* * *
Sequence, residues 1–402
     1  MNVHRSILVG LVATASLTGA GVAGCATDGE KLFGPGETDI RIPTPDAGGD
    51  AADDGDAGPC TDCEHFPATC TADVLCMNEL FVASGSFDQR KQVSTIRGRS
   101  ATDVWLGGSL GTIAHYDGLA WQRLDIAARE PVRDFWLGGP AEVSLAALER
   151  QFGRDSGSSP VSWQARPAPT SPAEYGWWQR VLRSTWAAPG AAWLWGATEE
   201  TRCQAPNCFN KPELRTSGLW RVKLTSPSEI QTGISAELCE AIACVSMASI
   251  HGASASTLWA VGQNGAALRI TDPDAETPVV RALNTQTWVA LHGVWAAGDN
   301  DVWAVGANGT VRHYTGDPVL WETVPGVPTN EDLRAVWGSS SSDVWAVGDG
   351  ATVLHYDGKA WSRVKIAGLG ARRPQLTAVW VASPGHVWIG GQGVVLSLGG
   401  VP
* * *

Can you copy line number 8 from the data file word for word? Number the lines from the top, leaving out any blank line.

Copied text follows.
   301  DVWAVGANGT VRHYTGDPVL WETVPGVPTN EDLRAVWGSS SSDVWAVGDG